By Melissa J. Anderson

In a recent Harvard Business Review blog post, leadership expert Frances Hesselbein wrote about the critical importance of corporate responsibility – not just as a means to provide visibility to companies, but as a way to nourish deep pools of talent within the community. She wrote:

For leaders in all three sectors there is a new appreciation that when we build the healthy community, it is for the greater good. And even for a leader with little concern about the greater good, there is the reality that a sick and ailing community cannot produce the healthy, energetic, productive workforce our enterprises demand if indeed they are to be viable and even present at the end of this turbulent decade.

Hesselbein was writing in 2010, when, mired in a recession, companies were cutting the budgets of any corporate program that didn’t seem crucial in the short term. She cautioned against this, explaining that leadership had the ability to instill a dedication to corporate responsibility in a high-performing workplace culture.

She also said that the commitment to corporate responsibility must not be superficial, but rather a deep and earnest effort on behalf of the corporation. She writes:

“Ignoring externalities threatens excellence, ethics, and engagement in organizations, but addressing these externalities can transform challenges into opportunities. When we truly focus on the common good, service is a privilege —not a chore but a remarkable opportunity.”

A new study confirms that notion – and goes further. Not only must corporate leadership truly believe in its corporate responsibility efforts for them to have an impact on stakeholders, but the company has to be respected in the marketplace as a high value company as well.

Creating Value

In a new book, Leveraging Corporate Responsibility: The Stakeholder Route to Maximizing Business and Social Value, CB Bhattacharya, Daniel Korschun, and Sankar Sen reveal that corporate responsibility doesn’t have a positive effect on stakeholders unless the company is already good at what they do.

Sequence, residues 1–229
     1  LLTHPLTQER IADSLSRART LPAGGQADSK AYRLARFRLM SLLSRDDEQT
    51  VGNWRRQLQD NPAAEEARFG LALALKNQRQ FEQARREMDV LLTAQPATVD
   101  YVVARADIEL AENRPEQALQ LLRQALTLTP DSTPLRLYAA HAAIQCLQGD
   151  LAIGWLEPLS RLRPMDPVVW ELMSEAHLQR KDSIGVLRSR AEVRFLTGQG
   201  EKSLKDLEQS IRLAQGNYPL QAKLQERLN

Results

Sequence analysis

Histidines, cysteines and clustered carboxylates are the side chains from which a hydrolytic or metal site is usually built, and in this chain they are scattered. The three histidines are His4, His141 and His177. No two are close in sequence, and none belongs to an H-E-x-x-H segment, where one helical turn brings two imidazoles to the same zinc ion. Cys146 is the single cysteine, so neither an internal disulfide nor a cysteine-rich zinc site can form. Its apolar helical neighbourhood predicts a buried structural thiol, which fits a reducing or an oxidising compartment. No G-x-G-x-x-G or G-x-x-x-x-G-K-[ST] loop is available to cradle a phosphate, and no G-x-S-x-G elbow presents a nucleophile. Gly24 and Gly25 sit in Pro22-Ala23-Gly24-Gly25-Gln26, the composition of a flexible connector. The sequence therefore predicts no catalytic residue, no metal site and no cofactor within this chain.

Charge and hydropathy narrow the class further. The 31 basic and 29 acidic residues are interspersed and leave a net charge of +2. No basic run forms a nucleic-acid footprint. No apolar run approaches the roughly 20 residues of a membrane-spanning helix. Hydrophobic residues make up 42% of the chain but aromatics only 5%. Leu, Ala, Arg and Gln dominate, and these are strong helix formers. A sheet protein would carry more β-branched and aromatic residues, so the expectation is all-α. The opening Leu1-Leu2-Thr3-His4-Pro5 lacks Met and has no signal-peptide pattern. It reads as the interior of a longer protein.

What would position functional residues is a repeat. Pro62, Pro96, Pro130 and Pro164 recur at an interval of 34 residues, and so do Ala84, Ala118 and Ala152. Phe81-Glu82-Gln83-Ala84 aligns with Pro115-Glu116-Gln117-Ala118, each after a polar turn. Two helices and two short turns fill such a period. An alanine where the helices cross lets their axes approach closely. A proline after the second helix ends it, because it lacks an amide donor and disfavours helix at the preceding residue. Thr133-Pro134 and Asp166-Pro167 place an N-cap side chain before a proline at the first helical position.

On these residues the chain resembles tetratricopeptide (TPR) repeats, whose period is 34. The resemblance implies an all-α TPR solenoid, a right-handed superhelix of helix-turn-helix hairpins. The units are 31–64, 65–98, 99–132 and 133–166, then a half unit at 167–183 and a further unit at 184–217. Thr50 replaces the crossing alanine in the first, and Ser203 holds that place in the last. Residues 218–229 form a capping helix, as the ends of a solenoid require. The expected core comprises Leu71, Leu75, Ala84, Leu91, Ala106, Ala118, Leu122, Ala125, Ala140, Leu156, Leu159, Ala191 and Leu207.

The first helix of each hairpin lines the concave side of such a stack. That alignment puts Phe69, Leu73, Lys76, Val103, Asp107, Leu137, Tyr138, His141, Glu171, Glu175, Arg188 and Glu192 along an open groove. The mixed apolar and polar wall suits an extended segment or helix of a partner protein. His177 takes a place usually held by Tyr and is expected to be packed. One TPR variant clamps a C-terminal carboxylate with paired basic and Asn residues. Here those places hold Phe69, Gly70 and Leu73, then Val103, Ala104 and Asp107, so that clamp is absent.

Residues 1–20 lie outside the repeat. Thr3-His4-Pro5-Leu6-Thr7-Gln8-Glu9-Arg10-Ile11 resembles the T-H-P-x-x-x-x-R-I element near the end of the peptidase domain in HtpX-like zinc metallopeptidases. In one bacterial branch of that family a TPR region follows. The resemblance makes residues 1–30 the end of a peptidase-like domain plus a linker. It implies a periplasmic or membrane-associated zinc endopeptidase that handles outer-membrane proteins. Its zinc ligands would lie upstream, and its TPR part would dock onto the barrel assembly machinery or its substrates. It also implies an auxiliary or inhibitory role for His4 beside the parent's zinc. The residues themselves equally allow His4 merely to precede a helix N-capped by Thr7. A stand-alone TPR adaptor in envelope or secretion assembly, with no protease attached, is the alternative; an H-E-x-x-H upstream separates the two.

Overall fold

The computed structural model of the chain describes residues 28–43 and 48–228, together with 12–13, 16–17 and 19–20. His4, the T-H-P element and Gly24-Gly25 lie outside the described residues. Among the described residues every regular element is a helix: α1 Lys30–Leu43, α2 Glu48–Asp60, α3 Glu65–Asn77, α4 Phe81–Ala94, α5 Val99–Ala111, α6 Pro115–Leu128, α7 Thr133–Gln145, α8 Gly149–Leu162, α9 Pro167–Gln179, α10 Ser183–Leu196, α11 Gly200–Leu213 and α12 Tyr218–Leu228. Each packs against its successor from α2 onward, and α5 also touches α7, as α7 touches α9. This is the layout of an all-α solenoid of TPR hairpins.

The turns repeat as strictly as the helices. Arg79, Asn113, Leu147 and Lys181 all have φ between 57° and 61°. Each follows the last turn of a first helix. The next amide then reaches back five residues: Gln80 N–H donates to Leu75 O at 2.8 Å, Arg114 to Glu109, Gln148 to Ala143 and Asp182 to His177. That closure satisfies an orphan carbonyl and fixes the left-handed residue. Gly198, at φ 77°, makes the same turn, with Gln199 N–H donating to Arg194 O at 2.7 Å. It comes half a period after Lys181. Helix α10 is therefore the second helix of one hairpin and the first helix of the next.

They illustrate this notion in a recent McKinsey Quarterly article, in which they point out an experiment they performed. When consumers were asked to rate how likely they were to purchase a product after learning about the company’s quality reputation as well as its corporate responsibility activities, they were slightly more likely to purchase when the quality was high and when the company engaged in corporate responsibility activities. On the other hand, when the quality was low, they were even less likely to buy the product when the firm engaged in corporate responsibility.

It seems that corporate responsibility is viewed cynically when a firm is known for poor quality. The authors note that this phenomenon is reflected in a similar study that showed that Fortune 1000 companies do better financially than less valuable companies when they engage in corporate responsibility activities.

They write:

“Stakeholders are remarkably open to the business case for corporate responsibility, as long as initiatives are appropriate given what stakeholders know about the business, and as long as companies genuinely pursue and achieve the accompanying social value.”

Additionally, their research revealed that it’s important for the benefits of corporate responsibility initiatives to be valuable in a way that makes sense for stakeholders. They continue:

“Likewise, stakeholders are drawn to companies whose corporate-responsibility activities produce solid benefits, which can be tangible (such as improved health in local communities) or psychological (for instance, volunteer programs that help employees better integrate their work and home lives).”

For programs to have an impact on stakeholders, they also have to be realistic within the scope of the companies abilities and marketplace perception, and they should be measurable as well. The authors comment, “A company should assess its initiatives regularly to ensure that they foster the desired unity between its own goals and those of stakeholders.”

Similarly, Hesselbein wrote, “Ensure that your actions are congruent with your values.” When companies engage in corporate responsibility activities that don’t seem genuine to stakeholders – customers, employees, shareholders – those activities aren’t likely to gain much traction in the long term. It’s important that companies engage in the corporate responsibility practices that best match their skills, values, and needs.